Last week, five cabinet secretaries testified before the Senate Commerce Committee in support of President Trump’s long-awaited and recently-announced infrastructure plan. Under the plan, $200 billion of federal spending would encourage $1.5 trillion of total infrastructure investment, driven by private capital and increased local government cost-sharing. This emphasis on efficient infrastructure investment is long overdue and should be warmly welcomed.

Unfortunately, at the same time, protectionist trade policies have already started taking their toll on the development of the American-built environment. The National Association of Home Builders estimates that the recent duties imposed on Canadian softwood lumber are raising the cost of that material by 6.9 percent and inflating new single-family home prices by an average of $1,360. Housing builders and infrastructure investors alike are now facing the reality of dramatically-higher costs for another of their stalwart materials: steel.

For the U.S. to achieve any of its infrastructure goals, it will have to get serious about the most fundamental determinant of any project: paying for it. Toward that end, the government should be looking for opportunities to implement competitive and performance-based procurement policies.

The greatest liability facing many cities and counties is their outstanding water bill. Most water infrastructure was buried in distinct historical phases, and due to an unfortunate coincidence of which materials were used in each phase, much of this infrastructure is coming to end-of-life at once. Ours is the first American generation to face large-scale water infrastructure replacement, and the costs run into the hundreds of billions of dollars, including for towns that are often having difficulty simply keeping their lights on.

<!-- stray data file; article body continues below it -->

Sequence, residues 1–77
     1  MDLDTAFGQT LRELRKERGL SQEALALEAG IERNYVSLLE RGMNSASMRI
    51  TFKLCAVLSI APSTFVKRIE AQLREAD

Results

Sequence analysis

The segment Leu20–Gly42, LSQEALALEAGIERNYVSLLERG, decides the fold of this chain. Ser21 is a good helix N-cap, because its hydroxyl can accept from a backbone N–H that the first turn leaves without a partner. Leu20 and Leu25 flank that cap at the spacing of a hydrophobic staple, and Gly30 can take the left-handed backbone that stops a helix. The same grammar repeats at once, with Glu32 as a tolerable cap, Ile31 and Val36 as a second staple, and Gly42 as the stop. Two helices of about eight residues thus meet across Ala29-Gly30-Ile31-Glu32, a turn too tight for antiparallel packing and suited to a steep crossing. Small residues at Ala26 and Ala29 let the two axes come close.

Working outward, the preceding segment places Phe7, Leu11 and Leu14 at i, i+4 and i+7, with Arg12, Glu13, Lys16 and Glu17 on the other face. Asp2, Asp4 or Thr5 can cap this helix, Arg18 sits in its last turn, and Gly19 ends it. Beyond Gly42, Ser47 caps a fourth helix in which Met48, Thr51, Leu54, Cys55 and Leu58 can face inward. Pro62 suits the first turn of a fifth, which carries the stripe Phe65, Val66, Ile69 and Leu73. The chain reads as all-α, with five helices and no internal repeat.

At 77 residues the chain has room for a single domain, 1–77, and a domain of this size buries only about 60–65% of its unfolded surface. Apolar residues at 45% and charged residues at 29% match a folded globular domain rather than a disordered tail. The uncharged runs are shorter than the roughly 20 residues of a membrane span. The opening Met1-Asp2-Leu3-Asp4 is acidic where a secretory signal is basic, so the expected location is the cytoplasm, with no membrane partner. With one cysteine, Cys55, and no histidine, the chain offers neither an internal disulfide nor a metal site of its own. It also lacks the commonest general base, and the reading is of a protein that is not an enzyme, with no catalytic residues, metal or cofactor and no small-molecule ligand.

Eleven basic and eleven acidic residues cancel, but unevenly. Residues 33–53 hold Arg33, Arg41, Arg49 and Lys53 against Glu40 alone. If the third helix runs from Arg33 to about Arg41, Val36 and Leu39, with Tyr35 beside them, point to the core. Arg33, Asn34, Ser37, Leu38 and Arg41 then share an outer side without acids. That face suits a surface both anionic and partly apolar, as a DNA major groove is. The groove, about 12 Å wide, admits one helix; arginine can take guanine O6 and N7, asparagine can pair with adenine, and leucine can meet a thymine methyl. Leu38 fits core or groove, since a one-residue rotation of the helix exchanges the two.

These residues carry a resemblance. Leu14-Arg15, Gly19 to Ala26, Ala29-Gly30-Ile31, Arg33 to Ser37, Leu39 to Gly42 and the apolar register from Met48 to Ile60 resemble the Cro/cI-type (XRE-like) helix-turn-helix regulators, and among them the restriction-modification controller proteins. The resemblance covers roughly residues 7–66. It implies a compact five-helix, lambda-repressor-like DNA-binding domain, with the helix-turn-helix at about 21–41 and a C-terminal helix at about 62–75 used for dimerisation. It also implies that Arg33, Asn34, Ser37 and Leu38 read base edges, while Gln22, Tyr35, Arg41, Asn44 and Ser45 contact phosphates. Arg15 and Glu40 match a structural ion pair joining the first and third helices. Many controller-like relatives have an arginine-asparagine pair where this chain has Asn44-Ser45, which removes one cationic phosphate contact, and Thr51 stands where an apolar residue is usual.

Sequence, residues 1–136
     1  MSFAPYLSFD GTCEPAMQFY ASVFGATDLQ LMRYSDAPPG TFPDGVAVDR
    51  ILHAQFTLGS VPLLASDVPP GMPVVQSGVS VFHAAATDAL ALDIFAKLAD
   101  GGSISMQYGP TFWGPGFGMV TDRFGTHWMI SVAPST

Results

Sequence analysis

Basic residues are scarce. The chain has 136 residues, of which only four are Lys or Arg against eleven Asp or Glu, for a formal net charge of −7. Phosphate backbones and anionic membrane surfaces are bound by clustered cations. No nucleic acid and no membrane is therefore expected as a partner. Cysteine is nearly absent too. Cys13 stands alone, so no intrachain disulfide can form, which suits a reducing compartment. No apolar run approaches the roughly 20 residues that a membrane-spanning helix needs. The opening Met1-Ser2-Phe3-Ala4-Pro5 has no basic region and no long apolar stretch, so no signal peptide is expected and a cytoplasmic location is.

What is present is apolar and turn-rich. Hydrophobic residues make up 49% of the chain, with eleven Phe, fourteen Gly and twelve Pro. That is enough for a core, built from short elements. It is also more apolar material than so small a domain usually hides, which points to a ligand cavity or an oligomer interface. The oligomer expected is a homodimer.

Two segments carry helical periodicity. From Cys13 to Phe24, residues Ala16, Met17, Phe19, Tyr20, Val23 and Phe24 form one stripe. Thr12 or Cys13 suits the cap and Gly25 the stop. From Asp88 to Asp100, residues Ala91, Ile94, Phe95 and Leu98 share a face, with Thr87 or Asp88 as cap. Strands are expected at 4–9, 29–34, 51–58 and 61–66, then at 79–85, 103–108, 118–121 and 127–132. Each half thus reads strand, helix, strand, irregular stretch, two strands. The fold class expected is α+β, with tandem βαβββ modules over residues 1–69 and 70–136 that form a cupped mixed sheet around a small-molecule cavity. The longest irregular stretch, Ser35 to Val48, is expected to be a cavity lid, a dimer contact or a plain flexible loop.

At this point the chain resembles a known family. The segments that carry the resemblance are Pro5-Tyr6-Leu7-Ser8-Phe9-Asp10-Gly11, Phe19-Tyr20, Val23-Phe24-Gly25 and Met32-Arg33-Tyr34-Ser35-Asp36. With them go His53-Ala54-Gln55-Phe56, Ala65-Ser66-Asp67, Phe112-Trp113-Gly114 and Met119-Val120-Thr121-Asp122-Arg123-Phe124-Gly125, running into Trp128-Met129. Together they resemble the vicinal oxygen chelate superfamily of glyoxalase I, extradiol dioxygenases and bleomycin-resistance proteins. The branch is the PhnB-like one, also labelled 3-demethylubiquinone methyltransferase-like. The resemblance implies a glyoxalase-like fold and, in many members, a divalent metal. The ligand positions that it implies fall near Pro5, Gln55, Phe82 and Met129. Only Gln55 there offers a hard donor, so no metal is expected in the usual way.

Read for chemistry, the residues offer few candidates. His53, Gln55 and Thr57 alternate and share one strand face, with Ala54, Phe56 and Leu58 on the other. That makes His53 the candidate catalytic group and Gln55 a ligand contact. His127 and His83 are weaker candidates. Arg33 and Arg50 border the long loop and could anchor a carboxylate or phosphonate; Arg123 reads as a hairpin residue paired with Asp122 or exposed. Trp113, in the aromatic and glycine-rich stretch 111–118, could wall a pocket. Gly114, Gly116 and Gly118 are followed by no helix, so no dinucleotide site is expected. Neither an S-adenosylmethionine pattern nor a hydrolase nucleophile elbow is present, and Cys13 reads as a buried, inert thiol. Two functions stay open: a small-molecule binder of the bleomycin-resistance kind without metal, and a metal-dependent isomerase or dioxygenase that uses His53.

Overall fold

Exacerbating this situation are laws and regulations pockmarking the regulatory landscape that require pipes (which make up the majority of the cost of water infrastructure) to be replaced with certain materials — often whatever it is that just came out of the ground. These policies were handy rules of thumb when first passed, but the changed situation requires local governments to tailor their procurement to get as much bang for their buck as possible. Toward that end, policies need to be updated to allow a competitive material procurement-process.

Sometimes local conditions will mean that an old cast iron pipe can be replaced with cost-effective plastic replacements, especially if corrosive soil conditions would degrade new iron pipes just as it did the old ones. In other situations, extreme temperature or pressure variations could suggest iron to be a more fiscally sustainable alternative. The most important priority is to allow procurement to account for these variations and to choose the lowest-cost option for the taxpayer over the long term.

These principles should be applied across the board in infrastructure investment, from water to roads to bridges to new 5G wireless deployment. Given the heightened fiscal pressures that come with keeping existing infrastructure in service even as it is rehabilitated and replaced, the last thing the government should be doing is finding new ways to drive up costs.

It is toward this end that the president’s announced infrastructure plan makes serious progress. Increasing the local spending-share discourages the proliferation of projects that exist solely to take advantage of available federal dollars, such as Shreveport, Louisiana’s I-49 connector. Even necessary projects can benefit from the natural discipline imposed by a reduced federal subsidy, such as the New Jersey-New York Gateway program. Though the states have expressed outrage at President Trump for rescinding his predecessor’s promise of a 50 percent federal match for the project, they have remained curiously silent about the severe cost inflation that makes them dependent on federal government money in the first place.

That welcome message of budget discipline is undermined, however, when the same government demanding cost-containment from the states drives up the cost of their core materials with ill-considered tariffs. The proposed blanket 25 percent tariff on steel and 10 percent tariff on aluminum will further escalate the cost of housing in markets already struggling through a supply crisis, and will potentially endanger the new or rehabbed bridges, tunnels and tracks that the president has envisioned unleashing. In order to stand firmly and effectively for sound infrastructure, the administration should pursue smart cost strategies consistently.

President Trump has the opportunity to make historic improvements in our infrastructure, and he has already made significant movement toward implementing some major changes. He and Congress should take care to build consistently on that foundation of fiscally-conservative innovation.

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